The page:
Dodgy Council’s dodgy numbers for the dodgy dam exposed

The Hawkes Bay Regional Council are dodgy as dodgy can be.

An economist has poured cold water on their claims of break even for the dam:

Hawke’s Bay Regional Investment Company’s announcement that the Ruataniwha dam was cash flow positive was “factually incorrect and grossly misleading”, an economist claims.

Last month the HBRIC reported to its owner, the Hawke’s Bay Regional Council, that it had enough water users signed up to make the scheme “cash positive”, with the investment company signing more than 42 million m3 of water. The company’s target was 45 million m3 of water.

Economist Peter Fraser disagreed, saying 45 million m3 of contracted water volumes did not achieve financial break-even.


“It is my professional opinion HBRIC’s claim that 45m m3 of contracted water volumes represents ‘financial break-even’ for the RWSS is both factually incorrect and grossly misleading,” Mr Fraser said.

“Given the revised RWSS has a higher construction cost ($333 million rather than $275 million) it necessarily follows that the financial close number should be revised also – and HBRIC have not done that.

“For transparency and governance purposes, this needs to be rectified as a matter of urgency.”

If the HBRC was a company there would be people sitting in small rooms with their legal counsel being questioned about the claims being made.

Hawke’s Bay Today ran its own calculations (above) using the figures issued to the public by HBRIC.

These figures found that a total of 87.6 million m3 of water would be needed to break even – that is, to cover running costs and loan interest repayments, but also to deliver the return of investment of 6 per cent required by the regional council.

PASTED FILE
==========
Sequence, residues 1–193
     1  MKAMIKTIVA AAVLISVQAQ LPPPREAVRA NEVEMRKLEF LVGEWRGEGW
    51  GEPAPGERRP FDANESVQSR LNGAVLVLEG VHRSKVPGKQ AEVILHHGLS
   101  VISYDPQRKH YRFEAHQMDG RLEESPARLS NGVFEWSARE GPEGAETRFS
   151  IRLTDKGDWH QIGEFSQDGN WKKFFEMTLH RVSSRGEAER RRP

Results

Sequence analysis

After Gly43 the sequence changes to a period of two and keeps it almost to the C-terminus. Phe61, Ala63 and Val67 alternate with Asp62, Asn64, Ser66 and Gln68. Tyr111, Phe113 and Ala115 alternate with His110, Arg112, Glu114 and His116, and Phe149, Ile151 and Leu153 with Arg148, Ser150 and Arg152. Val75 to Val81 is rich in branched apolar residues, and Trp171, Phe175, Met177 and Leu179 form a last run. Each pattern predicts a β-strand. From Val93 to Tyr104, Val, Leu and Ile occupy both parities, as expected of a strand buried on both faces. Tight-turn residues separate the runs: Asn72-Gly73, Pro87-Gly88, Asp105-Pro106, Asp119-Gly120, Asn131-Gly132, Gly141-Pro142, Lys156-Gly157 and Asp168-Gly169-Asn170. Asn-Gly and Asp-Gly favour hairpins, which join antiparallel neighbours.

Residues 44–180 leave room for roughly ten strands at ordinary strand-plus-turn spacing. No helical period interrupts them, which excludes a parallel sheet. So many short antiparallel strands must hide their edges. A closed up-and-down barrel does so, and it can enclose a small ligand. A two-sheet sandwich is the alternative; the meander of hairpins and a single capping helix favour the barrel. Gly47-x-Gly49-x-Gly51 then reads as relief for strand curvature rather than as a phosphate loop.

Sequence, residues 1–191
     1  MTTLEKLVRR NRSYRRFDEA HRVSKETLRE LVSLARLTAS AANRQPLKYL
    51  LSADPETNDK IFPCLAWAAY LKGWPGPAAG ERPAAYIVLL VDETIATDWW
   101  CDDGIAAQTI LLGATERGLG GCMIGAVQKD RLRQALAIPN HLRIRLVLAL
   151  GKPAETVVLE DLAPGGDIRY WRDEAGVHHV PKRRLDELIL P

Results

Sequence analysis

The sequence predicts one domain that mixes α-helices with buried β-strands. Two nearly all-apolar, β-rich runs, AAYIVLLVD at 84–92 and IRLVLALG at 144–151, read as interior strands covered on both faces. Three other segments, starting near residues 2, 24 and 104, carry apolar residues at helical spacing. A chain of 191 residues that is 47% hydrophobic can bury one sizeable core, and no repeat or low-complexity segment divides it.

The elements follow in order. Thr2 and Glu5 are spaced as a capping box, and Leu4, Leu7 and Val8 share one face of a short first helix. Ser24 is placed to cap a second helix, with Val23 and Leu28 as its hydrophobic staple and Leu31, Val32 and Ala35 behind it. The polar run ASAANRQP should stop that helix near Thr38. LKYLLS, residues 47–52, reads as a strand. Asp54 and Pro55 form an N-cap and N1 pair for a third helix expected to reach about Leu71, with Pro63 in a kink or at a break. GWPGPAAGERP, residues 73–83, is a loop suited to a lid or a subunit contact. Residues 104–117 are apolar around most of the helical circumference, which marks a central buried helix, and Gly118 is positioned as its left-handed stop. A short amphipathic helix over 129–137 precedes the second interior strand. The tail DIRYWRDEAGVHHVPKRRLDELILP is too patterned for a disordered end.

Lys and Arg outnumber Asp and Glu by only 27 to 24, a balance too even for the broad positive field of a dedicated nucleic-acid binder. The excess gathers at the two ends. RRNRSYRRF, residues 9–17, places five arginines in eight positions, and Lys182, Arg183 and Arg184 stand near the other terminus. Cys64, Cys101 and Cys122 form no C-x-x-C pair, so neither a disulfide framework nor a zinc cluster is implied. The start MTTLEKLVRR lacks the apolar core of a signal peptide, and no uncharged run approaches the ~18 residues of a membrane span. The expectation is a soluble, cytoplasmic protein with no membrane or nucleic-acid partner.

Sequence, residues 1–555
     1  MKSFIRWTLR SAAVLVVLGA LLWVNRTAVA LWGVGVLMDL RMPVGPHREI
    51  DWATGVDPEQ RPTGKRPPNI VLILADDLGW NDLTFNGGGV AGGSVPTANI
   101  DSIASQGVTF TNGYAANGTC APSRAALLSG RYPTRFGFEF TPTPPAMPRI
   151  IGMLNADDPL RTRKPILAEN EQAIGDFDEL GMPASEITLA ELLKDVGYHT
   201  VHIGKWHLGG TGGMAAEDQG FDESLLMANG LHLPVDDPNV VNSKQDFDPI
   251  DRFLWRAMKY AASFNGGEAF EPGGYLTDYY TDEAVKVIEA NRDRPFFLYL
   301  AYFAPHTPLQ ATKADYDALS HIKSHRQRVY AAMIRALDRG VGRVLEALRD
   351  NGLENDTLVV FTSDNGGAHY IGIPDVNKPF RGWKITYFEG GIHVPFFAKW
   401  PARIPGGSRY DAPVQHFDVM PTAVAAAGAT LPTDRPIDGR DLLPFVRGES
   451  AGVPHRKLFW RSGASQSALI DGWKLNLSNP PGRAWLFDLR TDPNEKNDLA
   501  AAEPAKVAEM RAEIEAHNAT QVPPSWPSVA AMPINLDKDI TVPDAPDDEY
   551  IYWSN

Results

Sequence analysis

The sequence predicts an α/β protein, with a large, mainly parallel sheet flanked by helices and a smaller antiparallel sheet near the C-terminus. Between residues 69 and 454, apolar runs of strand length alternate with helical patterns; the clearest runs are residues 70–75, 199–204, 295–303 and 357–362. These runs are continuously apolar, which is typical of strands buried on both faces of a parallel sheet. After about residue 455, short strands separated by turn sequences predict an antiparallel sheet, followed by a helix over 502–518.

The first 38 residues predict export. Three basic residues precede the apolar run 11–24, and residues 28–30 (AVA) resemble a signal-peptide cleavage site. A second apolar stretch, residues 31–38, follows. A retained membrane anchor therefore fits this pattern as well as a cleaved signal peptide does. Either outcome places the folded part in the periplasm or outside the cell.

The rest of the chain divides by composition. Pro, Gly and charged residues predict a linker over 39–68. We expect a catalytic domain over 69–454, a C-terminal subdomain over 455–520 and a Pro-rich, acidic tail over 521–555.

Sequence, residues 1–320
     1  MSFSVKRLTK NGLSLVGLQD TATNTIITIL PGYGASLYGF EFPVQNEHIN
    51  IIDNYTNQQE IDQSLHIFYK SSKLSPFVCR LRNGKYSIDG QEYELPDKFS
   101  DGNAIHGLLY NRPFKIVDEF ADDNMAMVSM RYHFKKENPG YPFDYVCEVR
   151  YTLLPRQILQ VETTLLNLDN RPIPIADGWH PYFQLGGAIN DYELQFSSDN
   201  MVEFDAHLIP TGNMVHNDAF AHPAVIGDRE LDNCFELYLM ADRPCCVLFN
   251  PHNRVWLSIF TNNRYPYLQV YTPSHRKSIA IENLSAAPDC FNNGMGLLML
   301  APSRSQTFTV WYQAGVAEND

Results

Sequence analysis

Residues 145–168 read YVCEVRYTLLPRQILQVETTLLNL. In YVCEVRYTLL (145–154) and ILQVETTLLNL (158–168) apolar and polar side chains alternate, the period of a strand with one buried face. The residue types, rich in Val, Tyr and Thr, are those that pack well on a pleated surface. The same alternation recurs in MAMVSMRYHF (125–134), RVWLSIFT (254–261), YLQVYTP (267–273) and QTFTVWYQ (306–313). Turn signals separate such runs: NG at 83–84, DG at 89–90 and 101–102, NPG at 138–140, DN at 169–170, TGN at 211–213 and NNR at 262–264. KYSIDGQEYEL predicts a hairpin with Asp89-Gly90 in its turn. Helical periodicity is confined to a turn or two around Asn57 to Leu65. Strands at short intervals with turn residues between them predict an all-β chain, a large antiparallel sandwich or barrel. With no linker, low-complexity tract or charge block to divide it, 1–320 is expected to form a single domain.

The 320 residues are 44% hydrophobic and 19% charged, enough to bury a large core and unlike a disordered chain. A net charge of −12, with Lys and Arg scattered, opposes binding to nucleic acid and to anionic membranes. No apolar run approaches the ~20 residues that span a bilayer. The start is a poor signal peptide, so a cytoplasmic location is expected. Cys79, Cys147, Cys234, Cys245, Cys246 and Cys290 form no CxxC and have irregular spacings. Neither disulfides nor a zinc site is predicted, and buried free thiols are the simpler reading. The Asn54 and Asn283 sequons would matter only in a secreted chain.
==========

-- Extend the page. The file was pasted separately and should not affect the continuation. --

As the current figures stand, the project will run at a forecasted $2.085 million yearly loss for the first five years and a $1.19 million loss from 2024 onwards, presuming no more water has been sold.

Mr Fraser looked over the numbers and said while he got similar figures in his breakdown, he believed the above numbers were conservative.

“The problem is while we don’t know their model, this isn’t very hard and we already know the key numbers – and the math doesn’t lie,” he said.

Mr Newman was asked for a copy of the model HBRIC was using but declined to provide one, saying “this remains commercially confidential to financiers”.

“In regards to the financial model however, Deloitte has had access to it under confidentiality so as to be able to undertake its work,” he said.

Sneaky, furtive, and devious. These guys need to realise that it is the ratepayers funding this dam, secrecy is not an option. The full model the HBRC is using needs to be released forthwith because it is clear that their model is different from the numbers they’ve handed out to everyone else.

If HBRIC has made the number available before why not now? But it is still clear that the dam never made money and now it is 50% more expensive it will never make money.

The dodgy council needs rinsing. Come October there may well be new people at the table. Then we might get some answers.


– HB Today

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As much at home writing editorials as being the subject of them, Cam has won awards, including the Canon Media Award for his work on the Len Brown/Bevan Chuang story. When he’s not creating the news, he tends to be in it, with protagonists using the courts, media and social media to deliver financial as well as death threats.

They say that news is something that someone, somewhere, wants kept quiet. Cam Slater doesn’t do quiet and, as a result, he is a polarising, controversial but highly effective journalist who takes no prisoners.

He is fearless in his pursuit of a story.

Love him or loathe him, you can’t ignore him.

To read Cam’s previous articles click on his name in blue.